The team’s project consists in comprehending this phenomenon, known as local welfare, and to get the measure of it through using international comparisons. Examples from neighbouring countries such as Spain and the United Kingdom will be studied in detail, but it will also be necessary to consider the famous Scandinavian model which is also undergoing transformation. More closely-targeted work will also be carried out on another aspect of the phenomenon, namely local authorities’ implication regarding the members of the public in their charge, the legal relationships between them, and the coordination frameworks put in place to confer greater coherence and efficiency upon systems that are decentralised or overlapping. Interdisciplinary collaboration with geographers and political scientists will be targeted.

On the one hand it is being “overwhelmed”, in a way, by the appearance of transnational enterprises, which have themselves become a space of regulation which is largely private and autonomous (CSR). However, this movement grants new legitimacy to international organisations (such as the ILO) and collective international actors (trades unions, NGOs) to participate in this regulation and impose decent working conditions in those places companies are setting up in and where there is little legal protection. For all that, can we talk of “social citizenship” within international firms? The COMPTRASEC team plans to further develop reflection on this topic and analyse the processes of construction of a globalisation law.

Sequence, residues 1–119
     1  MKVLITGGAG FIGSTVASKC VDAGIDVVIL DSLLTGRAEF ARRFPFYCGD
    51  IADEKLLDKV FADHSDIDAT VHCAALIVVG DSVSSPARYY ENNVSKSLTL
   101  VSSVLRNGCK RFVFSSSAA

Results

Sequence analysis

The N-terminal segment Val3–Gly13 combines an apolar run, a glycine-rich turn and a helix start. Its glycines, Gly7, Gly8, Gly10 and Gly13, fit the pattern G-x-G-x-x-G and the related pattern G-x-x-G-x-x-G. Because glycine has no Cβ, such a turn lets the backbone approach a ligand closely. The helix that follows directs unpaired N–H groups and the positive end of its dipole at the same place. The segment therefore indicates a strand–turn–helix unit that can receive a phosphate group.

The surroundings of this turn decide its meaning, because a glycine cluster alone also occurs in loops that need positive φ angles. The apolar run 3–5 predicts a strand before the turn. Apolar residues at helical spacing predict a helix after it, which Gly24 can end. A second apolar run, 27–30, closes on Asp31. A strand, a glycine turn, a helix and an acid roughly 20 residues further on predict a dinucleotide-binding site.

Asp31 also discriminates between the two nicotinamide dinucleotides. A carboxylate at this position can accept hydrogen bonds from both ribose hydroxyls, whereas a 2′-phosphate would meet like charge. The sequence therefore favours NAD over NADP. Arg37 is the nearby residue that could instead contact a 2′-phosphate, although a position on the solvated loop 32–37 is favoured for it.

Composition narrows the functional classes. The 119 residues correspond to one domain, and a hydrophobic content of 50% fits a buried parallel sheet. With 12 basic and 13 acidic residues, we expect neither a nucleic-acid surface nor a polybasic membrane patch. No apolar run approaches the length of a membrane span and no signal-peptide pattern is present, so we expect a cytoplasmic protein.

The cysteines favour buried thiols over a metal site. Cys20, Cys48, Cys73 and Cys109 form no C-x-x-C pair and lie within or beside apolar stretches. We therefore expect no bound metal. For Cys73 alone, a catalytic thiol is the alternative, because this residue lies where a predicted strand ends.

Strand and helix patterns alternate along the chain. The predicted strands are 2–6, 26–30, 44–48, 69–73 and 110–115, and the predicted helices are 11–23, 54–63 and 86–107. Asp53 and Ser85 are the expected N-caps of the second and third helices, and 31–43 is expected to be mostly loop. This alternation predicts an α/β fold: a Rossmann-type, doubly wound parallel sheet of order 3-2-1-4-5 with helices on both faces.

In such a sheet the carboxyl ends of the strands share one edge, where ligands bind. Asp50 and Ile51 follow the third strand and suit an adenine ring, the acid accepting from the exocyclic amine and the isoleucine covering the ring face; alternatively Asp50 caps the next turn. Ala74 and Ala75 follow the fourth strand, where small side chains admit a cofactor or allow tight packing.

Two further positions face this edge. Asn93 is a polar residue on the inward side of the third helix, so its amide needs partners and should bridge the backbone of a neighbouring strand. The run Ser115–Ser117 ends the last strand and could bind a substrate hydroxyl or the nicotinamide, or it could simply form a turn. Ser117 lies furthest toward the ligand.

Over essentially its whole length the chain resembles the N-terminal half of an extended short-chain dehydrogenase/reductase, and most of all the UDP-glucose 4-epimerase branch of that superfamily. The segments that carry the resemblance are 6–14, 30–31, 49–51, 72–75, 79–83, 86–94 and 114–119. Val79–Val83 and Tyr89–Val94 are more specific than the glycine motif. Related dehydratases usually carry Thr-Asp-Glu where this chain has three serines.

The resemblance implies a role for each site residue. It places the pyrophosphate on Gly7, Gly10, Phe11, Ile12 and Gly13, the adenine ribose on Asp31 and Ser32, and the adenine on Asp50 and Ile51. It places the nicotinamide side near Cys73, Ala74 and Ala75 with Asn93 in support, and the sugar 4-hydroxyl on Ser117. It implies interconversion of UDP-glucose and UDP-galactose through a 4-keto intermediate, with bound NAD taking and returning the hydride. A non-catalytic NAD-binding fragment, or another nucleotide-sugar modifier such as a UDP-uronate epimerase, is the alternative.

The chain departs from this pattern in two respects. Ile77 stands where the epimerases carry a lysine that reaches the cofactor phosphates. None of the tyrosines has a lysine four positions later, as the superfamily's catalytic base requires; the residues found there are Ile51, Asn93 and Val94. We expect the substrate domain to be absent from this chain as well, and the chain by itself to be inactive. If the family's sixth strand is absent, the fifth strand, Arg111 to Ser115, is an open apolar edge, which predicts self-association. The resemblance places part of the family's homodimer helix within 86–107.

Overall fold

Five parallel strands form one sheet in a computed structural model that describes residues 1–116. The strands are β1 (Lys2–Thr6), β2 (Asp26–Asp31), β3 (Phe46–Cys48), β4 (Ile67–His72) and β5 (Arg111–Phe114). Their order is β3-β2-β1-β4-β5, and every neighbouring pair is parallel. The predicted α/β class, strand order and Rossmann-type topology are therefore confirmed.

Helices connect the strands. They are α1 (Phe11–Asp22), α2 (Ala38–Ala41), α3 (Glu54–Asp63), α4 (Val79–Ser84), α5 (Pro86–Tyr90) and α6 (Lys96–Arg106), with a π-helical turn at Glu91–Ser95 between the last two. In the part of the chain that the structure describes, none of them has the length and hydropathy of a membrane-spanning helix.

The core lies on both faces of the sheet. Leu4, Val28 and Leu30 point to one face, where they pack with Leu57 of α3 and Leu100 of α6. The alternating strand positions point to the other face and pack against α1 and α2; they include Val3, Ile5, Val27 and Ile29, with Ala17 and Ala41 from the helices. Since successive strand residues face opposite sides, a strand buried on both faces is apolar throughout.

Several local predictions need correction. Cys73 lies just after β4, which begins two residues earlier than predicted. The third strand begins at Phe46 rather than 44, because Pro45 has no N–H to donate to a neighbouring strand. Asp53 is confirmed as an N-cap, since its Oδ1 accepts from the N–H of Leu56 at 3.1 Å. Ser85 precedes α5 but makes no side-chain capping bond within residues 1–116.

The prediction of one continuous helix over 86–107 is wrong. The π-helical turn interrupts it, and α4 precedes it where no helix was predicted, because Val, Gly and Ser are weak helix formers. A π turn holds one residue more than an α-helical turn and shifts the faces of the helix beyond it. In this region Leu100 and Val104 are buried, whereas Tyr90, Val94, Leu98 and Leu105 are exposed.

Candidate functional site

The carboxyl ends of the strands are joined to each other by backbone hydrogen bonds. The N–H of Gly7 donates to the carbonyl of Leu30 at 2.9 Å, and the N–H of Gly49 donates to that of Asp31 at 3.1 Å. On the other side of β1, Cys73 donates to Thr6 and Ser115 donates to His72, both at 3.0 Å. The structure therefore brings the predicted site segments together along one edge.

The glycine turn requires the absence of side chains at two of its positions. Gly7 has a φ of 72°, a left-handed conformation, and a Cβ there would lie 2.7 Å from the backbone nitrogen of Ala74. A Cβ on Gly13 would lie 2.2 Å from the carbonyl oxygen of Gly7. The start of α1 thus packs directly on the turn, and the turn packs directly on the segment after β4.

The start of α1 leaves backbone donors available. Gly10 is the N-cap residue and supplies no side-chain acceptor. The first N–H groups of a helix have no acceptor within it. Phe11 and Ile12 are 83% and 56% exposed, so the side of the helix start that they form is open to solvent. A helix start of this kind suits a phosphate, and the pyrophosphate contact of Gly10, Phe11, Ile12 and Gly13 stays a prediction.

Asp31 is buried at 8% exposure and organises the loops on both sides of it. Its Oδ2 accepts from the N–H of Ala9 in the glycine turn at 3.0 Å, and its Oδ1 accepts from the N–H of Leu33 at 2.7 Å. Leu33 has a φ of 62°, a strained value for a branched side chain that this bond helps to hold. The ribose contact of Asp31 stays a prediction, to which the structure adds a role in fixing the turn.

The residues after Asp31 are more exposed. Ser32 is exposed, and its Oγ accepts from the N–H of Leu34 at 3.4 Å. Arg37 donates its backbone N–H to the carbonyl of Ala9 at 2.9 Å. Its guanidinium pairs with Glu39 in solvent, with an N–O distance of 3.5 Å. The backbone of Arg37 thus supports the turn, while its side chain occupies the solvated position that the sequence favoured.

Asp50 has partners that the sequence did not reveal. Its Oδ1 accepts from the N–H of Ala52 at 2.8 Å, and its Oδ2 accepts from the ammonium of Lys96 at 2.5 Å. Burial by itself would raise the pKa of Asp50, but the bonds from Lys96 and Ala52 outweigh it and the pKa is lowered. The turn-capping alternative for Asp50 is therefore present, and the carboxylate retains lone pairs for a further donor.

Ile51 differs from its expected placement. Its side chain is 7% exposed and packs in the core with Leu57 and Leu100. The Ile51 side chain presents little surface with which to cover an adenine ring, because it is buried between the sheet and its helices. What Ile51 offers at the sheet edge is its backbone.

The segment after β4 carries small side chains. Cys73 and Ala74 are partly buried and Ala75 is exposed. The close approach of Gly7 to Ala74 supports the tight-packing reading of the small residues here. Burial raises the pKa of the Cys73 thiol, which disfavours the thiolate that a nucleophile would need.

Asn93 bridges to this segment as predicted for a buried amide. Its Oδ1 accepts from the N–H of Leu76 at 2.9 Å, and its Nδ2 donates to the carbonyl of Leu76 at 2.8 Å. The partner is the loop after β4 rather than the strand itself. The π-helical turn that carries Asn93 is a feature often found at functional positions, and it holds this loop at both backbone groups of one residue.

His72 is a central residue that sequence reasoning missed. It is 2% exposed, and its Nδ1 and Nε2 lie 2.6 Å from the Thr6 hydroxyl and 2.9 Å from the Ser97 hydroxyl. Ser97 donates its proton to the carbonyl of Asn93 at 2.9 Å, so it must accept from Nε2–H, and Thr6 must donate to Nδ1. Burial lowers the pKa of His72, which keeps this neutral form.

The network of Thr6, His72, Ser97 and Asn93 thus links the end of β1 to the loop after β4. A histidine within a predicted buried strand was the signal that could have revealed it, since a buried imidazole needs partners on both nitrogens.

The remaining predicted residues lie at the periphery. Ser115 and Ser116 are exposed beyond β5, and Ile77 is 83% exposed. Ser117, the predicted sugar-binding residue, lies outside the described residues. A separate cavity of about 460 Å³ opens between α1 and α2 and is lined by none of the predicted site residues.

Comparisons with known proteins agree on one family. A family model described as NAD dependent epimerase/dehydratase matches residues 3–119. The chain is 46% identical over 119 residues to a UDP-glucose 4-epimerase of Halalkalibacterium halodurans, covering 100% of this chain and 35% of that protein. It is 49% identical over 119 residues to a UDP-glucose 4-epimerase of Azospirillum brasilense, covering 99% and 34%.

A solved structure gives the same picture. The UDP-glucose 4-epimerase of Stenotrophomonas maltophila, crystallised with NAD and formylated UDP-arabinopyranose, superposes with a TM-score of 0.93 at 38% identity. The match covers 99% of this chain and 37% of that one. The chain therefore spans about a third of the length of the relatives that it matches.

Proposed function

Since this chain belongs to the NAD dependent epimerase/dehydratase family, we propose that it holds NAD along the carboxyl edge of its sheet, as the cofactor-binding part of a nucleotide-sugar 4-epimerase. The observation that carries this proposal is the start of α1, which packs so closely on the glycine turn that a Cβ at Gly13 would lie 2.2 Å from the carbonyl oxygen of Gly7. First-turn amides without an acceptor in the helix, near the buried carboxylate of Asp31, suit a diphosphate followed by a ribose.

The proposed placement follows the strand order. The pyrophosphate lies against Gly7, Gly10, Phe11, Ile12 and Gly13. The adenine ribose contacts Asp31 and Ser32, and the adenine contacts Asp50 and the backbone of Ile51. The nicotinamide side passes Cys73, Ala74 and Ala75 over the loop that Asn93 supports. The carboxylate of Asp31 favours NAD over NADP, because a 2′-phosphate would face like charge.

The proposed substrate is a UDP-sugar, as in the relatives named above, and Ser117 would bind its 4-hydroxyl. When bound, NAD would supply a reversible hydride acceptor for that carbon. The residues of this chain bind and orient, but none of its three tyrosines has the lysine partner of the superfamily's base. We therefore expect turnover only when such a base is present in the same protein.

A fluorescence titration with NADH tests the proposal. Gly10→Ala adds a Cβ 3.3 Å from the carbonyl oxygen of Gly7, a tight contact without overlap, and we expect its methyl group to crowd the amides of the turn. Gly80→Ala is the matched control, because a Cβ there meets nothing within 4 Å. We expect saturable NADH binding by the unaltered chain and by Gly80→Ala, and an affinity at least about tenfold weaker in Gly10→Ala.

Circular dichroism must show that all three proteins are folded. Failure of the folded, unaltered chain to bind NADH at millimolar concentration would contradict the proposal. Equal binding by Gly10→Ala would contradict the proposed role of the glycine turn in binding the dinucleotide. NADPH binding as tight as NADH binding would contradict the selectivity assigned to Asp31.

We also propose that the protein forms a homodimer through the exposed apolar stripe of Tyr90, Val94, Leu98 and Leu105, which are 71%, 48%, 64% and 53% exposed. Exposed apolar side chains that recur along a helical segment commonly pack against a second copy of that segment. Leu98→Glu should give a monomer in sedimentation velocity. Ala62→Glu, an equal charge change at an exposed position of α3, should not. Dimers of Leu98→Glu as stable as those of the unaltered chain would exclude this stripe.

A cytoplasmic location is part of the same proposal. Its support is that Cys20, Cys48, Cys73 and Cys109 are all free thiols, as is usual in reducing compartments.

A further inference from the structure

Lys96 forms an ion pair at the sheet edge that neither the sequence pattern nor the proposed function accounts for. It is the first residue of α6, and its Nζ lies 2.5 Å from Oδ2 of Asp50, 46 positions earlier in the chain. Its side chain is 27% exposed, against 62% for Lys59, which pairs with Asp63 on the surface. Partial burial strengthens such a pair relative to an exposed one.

On the other hand, in terms of solidarity and social protection, it seems that today we are seeing a return of the idea of welfare assistance and local, or at least decentralised, treatment of certain social problems, which raises the question of the equality of individuals, of universality and of the uniformity of the social rights of citizens in a given State. The advent of the post-industrial society and the emergence of new social risks seem to be undermining the traditional Welfare State structure: policies on the fight against exclusion, the implementation of minimum social benefits, and measures for caring for members of society like dependent elderly people are seeing shifts or even transfers of powers to the local level, raising the question of the territorialisation of social policies and social rights. This is due, at least in part, to financial arrangements and budget policies that push States to act in such a way.